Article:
GREENE COUNTY, N.C. (WITN) - Unemployment rates across Eastern Carolina are trending downward according to new reports from the North Carolina Department of Commerce, but some business owners say that data does not represent the struggles they face in filling open positions.
Sitting at an even 3% unemployment rate, Greene County seems to be back on track in the workforce.
However, restaurant owners along Highway 58 in Snow Hill say they have been having trouble filling jobs for months, and it doesn’t seem to be getting better.
“It’s really bad. I don’t see why the numbers would say it’s good because everywhere you look is hiring, even our sign,” Bilinda Gwaltney, Two Cousins Pizza in Snow Hill owner said.
When the new data from the state showed Greene County’s apparent employment success, Gwaltney objected.
“We’ve actually had to shut down our deliveries, which was a big thing, because of lack of help,” Gwaltney said. “We just lost one driver and we’re still looking for another one.”
Being family-owned and operated, the pizza shop had to make tough business decisions.
“It does a hurtin’ because people don’t know whether we’re going to be open, whether we are not. They question and it causes them to have to hurt too because they love our business... and I think because we’re short-staffed, part of that could contribute to the fact that we’re getting a little bit slower," said Bilinda Gwaltney, Two Cousins Pizza owner.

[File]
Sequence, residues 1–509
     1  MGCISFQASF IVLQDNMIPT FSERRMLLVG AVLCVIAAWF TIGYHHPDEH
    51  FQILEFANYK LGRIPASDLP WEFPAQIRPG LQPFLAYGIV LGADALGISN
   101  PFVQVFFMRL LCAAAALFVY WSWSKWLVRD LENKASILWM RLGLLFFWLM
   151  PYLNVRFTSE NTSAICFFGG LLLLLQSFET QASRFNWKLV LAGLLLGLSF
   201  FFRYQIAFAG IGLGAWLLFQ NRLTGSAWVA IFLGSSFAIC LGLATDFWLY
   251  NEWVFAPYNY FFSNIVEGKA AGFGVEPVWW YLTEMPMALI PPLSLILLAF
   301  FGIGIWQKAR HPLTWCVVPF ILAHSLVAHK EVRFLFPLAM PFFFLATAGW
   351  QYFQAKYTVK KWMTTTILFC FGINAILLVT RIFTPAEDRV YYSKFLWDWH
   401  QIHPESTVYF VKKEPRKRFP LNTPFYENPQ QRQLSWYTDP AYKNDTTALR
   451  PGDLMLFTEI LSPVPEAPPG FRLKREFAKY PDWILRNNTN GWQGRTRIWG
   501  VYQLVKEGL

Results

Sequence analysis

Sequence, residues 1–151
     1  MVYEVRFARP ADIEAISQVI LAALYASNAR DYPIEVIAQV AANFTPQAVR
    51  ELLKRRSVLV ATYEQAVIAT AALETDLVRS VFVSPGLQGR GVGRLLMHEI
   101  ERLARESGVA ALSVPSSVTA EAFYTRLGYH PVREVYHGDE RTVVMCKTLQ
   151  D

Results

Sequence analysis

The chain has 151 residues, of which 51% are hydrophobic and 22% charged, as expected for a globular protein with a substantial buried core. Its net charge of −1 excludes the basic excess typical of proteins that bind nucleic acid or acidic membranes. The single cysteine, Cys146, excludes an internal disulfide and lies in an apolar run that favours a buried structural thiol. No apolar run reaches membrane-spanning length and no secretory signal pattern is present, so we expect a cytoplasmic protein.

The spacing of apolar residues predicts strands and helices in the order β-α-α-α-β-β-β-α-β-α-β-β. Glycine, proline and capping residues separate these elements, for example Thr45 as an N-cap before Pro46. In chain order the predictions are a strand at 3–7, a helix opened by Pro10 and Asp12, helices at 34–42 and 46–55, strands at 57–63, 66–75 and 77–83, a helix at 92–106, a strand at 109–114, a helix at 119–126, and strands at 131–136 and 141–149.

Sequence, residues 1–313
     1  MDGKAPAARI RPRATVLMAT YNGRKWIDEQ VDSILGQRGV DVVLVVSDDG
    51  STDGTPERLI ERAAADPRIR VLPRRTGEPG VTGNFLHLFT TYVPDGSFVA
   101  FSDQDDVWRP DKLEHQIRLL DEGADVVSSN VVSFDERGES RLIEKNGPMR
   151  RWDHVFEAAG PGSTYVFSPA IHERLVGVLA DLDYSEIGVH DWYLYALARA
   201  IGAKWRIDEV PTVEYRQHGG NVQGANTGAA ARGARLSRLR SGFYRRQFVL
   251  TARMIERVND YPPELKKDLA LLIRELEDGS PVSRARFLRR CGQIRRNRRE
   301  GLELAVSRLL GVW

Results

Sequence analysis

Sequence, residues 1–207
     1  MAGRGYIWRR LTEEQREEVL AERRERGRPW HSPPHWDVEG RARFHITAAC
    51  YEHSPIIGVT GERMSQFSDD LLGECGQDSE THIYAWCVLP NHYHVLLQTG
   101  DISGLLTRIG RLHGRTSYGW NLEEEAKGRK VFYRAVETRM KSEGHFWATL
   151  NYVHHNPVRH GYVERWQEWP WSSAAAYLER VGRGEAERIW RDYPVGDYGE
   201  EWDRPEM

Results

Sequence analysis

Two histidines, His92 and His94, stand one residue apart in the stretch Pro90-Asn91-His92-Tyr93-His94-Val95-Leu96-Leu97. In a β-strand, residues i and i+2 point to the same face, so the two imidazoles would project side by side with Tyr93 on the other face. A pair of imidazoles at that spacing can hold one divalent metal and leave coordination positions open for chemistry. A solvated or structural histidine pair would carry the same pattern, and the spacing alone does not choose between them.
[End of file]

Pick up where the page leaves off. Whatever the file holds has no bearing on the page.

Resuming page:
A few minutes down Highway 58, the staff of Piggly Wiggly tells a different story.
“We haven’t had any problems as far as employment or getting people to come to work or anything like that,” Danielle Gray said. “We’ve actually had people willing to come to work.”
Gray has worked at the grocery store for 12 years. She’s seen a lot in that time but says she and her coworkers stayed employed throughout the whole pandemic.
“I did get COVID during the time, but the show continues. Everybody showed up, everybody worked together,” Gray recalled. “We always work together. Us here, we’re going to come to work. We may have to get sent home, but we’re going to come to work.”
For employers still putting out the help-wanted signs, many shortages are yet to be filled.
The state-wide unemployment average sits at 3.5%, just a fraction under the national average of 3.6%.
With more than 55,000 new workers in the state in March alone, the hope for many struggling employers is to add to their own rosters soon.
While Greene County was reported to have the lowest unemployment rate in the East, Hyde County was on the other end of the spectrum with the highest figure of 8.7% of its residents unemployed.
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